As someone who has run many marathons and watched both friends and family at the finish line of the Boston Marathon on several occasions, I was in complete shock after viewing the disastrous occurrences on Monday. I was actually at the gym when it happened — my lunch hour out here on the west coast of the US — and immediately tried to contact all of my friends who were running or attending in support.
Boston is my sports town. It’s where the most inspiring and influential rowing experiences of my life occurred. There was nothing like running along the Charles a few days before a race to shake the nerves off. And watching my brother finish the Boston Marathon years ago — one of his hardest for sure — I can’t help but remember how proud everyone was and how excited they were to find their loved ones at that very finish line.
One of my dearest friends, Jessica Shambora, wrote an incredible piece about her experience running the race this year. “On race day we come out and share our love of running with each other and with the world. It’s an awesome thing to behold. After Monday, I’m more convinced than ever that we should continue, and with even greater fervor.” Check out Jess’ piece on Fortune’s blog here.
My love to Boston and all of those who were affected by this tragedy. My heart is with you.
I’ll admit it, I’m as caught up in March Madness as most of the US is right now. Yet every time I watch that Kevin Ware injury* I can’t help but wonder how a lot of these men and women will be feeling when they’re an old lady like me (in their early thirties).
I chose the path of college sports as much as it chose me, yet as a four-year, Division I, NCAA college athlete myself, I sometimes still can’t pick things up or even change the radio dial with my right arm due to rotator cuff pain. Now I don’t expect anything in return from my alma mater — I’d do it all over again even knowing what I know now — but I’m able to find care for myself while a lot of ex-athletes cannot.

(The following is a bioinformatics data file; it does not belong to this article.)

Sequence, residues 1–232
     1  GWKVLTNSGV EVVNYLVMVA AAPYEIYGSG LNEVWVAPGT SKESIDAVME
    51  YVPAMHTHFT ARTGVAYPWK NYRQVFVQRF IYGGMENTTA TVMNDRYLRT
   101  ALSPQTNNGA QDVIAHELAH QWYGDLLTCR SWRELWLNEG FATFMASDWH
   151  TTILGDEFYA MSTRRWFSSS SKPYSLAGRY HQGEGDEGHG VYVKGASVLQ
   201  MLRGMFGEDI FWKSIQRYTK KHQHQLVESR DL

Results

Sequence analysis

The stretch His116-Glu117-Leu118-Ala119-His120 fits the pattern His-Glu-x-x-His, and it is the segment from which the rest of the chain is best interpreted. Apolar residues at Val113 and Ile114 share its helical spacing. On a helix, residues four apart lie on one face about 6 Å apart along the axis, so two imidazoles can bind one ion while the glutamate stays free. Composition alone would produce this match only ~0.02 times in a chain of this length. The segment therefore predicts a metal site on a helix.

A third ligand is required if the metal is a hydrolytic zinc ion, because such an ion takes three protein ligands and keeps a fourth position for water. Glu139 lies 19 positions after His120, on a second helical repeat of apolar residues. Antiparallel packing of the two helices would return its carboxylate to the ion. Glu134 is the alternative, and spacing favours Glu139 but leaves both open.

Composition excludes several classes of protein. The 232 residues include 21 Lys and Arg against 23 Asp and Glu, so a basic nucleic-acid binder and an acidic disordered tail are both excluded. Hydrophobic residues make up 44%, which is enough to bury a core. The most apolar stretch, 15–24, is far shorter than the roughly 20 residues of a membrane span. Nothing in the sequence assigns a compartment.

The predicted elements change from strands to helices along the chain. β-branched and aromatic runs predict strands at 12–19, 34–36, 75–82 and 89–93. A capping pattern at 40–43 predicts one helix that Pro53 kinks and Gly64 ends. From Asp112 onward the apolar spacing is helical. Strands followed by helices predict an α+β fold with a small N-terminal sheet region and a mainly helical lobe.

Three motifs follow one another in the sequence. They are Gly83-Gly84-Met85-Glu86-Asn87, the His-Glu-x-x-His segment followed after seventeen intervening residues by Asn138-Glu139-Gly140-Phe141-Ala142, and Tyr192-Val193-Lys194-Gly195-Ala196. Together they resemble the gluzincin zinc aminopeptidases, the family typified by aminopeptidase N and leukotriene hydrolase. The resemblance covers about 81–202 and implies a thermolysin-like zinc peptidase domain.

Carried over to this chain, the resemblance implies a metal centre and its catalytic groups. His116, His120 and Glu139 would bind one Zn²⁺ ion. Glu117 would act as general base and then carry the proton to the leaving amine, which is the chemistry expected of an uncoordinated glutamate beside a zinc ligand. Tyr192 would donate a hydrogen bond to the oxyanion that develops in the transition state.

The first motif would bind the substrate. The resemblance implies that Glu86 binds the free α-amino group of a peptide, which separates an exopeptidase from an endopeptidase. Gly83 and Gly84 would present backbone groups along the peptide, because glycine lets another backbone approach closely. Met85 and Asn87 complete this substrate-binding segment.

The New York Times‘ Bill Pennington wrote a really great piece on the vulnerability of college athletes even when they’re injured mid-sport. It seems like even Congress is aware of what a problem this is — maybe it will be the one thing they agree about in 2013.
*Warning: If you aren’t aware of what I’m speaking of, you may not want to watch — it is by far the most gruesome leg break I’ve ever seen.
(Image under Creative Commons license by McMorgan.)
My fearless leader Tim Brown shared this short film (above) via his LinkedIn and Design Thinking blogs last week and I couldn’t help but share as well. The Cleveland Clinic created the film as a way to share how top of mind empathy and patient care are as a part of their overall approach to healthcare. I walk around my life in constant wonder of what other folks are going through — it’s the reason I won’t even honk my horn unless someone is in great danger — and I thought this was an incredible way of illustrating that.